Overall, how do you think 2017 was for you and your career? What are you most excited about for this year? What is one big goal you have for 2018?
– Overall I’d say that 2017 had a lot of obstacles, but also a lot of miracles. Miracles in the sense of things that I’ve been striving for and working toward finally finding the right timing. This year I’m excited about releasing new music and exploring myself and the world as much as I can. Navigating blooming adulthood in one of the biggest cities in the world is quite a doozy, to be honest, but I’m taking it one day at a time. A big goal for 2018 would be to find a team of people to help me do what I do that I trust to keep my best interest in mind and help me execute my dreams.
Growing up, did you ever think that this would be the kind of life that you would have? Has music always been a big part of your life? Can you recall your first ever musical experience?
– Music has always been integral to who I am as a person. Most all my life I’ve envisioned myself as a songwriter and performer. I took a small detour in middle school, where I wanted to be a professional soccer player, but that’s not as big in my life now. Who knows, though. I think I can be a musician and a soccer player, if I really worked for it. 🙂 My first musical experience was my mom singing to me, Johnny Cash’s, “You Are My Sunshine.” I still hold that song very, very dear.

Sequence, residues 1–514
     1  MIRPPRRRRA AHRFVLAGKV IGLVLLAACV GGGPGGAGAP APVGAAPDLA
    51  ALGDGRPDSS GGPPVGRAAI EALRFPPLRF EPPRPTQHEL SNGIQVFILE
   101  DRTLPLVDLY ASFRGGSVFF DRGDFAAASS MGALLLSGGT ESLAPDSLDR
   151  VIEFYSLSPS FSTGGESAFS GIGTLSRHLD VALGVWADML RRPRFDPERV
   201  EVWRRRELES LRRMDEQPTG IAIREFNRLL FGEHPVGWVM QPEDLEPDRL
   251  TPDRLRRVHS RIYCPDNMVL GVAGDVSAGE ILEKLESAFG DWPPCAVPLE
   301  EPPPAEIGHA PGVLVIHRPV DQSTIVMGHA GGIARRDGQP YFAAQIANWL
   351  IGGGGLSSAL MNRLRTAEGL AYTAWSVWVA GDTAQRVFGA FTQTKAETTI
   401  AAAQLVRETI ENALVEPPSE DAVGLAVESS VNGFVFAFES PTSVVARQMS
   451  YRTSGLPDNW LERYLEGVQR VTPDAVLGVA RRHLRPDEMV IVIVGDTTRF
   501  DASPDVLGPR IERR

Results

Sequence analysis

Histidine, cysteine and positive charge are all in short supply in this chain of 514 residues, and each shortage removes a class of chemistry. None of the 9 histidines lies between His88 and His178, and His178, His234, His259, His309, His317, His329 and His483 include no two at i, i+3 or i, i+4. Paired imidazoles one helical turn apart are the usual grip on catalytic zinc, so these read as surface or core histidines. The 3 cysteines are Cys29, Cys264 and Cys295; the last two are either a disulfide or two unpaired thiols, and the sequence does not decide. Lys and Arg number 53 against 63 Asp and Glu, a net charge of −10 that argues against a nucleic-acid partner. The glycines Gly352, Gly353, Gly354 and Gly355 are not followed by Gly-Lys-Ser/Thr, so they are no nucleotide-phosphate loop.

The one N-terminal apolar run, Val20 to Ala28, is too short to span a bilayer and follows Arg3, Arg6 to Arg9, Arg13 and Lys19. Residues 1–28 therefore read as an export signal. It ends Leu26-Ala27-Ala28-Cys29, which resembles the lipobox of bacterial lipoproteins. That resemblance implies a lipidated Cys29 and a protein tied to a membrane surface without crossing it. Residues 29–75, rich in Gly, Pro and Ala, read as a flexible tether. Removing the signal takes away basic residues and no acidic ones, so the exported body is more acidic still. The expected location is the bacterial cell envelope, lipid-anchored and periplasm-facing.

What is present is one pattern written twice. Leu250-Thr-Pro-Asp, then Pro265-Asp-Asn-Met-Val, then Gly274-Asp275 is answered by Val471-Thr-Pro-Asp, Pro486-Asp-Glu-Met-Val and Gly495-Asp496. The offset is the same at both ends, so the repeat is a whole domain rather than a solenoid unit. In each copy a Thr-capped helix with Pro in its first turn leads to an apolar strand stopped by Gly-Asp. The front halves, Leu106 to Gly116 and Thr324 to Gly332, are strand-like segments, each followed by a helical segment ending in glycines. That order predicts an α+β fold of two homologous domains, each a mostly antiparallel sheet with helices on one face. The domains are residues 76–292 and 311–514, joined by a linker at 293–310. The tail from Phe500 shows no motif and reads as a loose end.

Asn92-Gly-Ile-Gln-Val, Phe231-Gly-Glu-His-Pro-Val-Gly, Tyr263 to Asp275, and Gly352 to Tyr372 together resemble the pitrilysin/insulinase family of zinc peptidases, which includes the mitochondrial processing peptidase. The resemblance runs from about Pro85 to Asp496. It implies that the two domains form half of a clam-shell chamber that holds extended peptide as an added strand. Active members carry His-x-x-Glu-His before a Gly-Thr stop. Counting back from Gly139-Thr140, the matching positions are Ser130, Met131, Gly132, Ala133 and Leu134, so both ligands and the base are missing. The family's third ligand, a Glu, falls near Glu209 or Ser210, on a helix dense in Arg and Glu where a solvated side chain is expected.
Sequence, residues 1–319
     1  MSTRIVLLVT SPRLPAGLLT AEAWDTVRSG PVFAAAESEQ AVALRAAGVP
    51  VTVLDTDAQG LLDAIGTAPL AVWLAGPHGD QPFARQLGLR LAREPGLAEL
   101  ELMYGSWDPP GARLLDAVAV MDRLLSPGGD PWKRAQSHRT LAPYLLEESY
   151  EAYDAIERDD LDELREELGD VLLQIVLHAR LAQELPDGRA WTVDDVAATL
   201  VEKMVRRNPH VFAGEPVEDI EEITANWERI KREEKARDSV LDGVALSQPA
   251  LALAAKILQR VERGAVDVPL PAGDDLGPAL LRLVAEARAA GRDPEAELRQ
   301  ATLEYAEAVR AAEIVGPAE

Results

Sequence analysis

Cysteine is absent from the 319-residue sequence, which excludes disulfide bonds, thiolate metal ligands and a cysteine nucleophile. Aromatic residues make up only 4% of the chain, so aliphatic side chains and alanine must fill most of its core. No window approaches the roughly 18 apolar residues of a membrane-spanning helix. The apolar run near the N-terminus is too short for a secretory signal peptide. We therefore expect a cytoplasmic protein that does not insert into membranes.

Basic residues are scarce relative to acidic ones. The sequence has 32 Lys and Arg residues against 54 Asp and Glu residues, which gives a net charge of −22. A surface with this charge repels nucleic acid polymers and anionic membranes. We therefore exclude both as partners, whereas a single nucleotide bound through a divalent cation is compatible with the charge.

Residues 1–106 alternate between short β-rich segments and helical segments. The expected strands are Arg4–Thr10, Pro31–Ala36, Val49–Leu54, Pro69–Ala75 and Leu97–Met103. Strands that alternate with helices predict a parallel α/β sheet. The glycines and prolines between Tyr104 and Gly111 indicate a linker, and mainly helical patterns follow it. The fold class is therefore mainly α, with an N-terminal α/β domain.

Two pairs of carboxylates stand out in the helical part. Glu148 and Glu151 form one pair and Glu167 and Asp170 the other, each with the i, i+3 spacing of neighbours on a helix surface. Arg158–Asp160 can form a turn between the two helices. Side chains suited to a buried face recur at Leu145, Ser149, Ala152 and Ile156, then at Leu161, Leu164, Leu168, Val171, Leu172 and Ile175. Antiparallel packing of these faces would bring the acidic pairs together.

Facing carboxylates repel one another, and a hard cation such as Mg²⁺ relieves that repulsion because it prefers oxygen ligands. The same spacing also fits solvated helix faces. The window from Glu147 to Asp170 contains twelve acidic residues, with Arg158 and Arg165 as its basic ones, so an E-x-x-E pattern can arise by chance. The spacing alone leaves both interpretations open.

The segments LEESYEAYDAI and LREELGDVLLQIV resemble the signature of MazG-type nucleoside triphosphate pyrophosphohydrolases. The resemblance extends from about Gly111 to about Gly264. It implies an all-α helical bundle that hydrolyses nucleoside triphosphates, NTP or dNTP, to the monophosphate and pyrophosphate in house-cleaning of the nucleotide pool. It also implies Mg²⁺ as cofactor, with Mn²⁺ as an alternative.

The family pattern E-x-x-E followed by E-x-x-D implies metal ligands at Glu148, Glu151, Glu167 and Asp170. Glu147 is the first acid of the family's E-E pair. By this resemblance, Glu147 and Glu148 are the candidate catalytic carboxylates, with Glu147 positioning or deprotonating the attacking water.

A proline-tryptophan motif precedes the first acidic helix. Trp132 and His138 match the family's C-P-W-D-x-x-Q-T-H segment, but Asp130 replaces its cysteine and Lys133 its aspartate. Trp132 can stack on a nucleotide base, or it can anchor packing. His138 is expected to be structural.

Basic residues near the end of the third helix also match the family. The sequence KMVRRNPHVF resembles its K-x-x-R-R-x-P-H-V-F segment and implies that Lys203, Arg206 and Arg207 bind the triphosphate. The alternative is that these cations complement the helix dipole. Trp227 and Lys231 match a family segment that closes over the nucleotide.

I’m such a big fan of Scott Bradlee and PostModern Jukebox so I’m very curious to know what first peaked your interest when you saw the open-call audition for them?
– I actually was training with a vocal teacher at the time, and she showed me their youtube page, on which I did some exploration. We filmed my audition in her house, and it was super fun.
Your cover of “Jolene” with them is amazing! What was it like when you first started performing with them?
– Thank you so much on behalf of myself and Scott and the whole team of incredible musicians that worked on that. I was absolutely scared shitless, my mouth was dry, I was sweating and shaking. I had no reason to, the musicians and team there were SO friendly and wonderful, but of course also fucking talented. That’s what shook me up, I didn’t want to fuck up in front of these INCREDIBLE musicians. I wanted to impress them and be respected by them.
What has this ride been like for you so far? How has it been living so far away from your family in New York for the first time?
– It’s been wild. I sometimes forget I live in NYC, because I’ve always dreamt of it, and maybe even built a romanticized version in my head. I love it, though. I wouldn’t trade it for anywhere in the world. I get homesick often, but my mom sometimes sends me care packages. It has jam she made from our plum trees and my old teddy bear that smells like lavender. That simultaneously helps and makes me ache for home even more. I love my family, NYC would be absolutely perfect if they were here too.